Elisabeth Meinecke
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Military working dogs and their handlers are saving countless lives together, even while risking their own.

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From Townhall Magazine's September feature, "The Military Dream Team," by Leah Barkoukis:

Marine Corps Sgt. Brian Riddle was on a routine patrol in Afghanistan’s Helmand Province, searching an irrigation area with his military working dog (MWD) Jony. Riddle was second in the line of men, with Jony working off-leash about 200 meters ahead of the patrol.

Riddle had his eyes on Jony, who was sniffing the various holes in the ground that made up the irrigation system. On his way back to Riddle, Jony stopped in his tracks. He then stutter-stepped and quickly whipped his head—a telltale sign that he’s “onto odor,” which is known in military parlance as a change of behavior.

Riddle immediately told everyone to stop where they were because Jony showed a change.

At this point, Jony was getting close to the front of the first man.

Finally, he gave Riddle the signal.

Sure enough, 10 to 15 paces in front of the lead man was an improvised explosive device—fully charged and ready to go.

Jony is a specialized search dog (SSD), a type of canine the Department of Defense introduced into the military working dogs program in 2005 to combat the devastating surge of IEDs being used in Iraq and Afghanistan. Because IEDs are so easy and cheap to make, they’re the weapon of choice by insurgents and caused nearly 2000 American casualties during the 2011 fighting season in Afghanistan, according to GOP Rep. Dan Lungren of California.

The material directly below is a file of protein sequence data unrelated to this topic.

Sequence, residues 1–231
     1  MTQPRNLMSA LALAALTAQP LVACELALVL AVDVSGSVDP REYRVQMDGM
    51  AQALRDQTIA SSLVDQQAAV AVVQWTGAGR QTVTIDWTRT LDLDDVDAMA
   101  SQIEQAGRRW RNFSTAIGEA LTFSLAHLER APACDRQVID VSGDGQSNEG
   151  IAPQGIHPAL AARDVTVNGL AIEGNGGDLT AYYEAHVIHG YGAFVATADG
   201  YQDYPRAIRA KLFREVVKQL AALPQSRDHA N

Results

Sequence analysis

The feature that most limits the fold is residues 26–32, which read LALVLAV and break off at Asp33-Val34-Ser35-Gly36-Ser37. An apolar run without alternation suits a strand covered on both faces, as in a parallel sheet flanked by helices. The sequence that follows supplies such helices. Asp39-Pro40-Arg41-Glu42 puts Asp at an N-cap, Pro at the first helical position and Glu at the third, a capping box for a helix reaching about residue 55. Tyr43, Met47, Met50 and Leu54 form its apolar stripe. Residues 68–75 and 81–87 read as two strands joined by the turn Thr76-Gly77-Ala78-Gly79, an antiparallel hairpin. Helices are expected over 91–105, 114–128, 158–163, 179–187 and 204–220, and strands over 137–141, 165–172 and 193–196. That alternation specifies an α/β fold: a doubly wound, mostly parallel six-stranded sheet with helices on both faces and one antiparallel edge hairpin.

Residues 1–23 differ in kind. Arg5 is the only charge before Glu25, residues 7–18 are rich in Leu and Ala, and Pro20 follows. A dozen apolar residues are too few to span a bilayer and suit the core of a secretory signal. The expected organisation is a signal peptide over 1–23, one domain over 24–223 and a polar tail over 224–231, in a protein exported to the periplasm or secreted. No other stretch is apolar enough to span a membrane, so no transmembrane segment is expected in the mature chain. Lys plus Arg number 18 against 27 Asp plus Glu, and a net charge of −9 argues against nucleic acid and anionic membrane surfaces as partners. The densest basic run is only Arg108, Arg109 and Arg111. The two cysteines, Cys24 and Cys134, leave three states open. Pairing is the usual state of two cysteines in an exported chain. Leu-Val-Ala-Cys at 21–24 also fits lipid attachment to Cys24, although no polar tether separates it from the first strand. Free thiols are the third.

SSDs are trained to find trace amounts of homemade or conventional explosives and weapons caches, making them one of the military’s best defenses against the threat. The dogs work primarily off-leash several hundred meters ahead of their handler and follow hand signals or voice commands via radio, likely attached to a tactical vest the dogs sometimes wear.

Saving lives is Jony’s job, and his efforts are part of a much larger canine force doing the same every day. Although war dogs didn’t make their official debut in the U.S. military until 1942, their roles, capabilities and laudability have burgeoned ever since.
 


Read more about these military dream teams, and get an exclusive behind-the-scenes look at their training at Andrews Air Force Bse, by ordering the September issue of Townhall Magazine.

 

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Elisabeth Meinecke

Elisabeth Meinecke is TOWNHALL MAGAZINE Managing Editor. Follow her on Twitter @lismeinecke.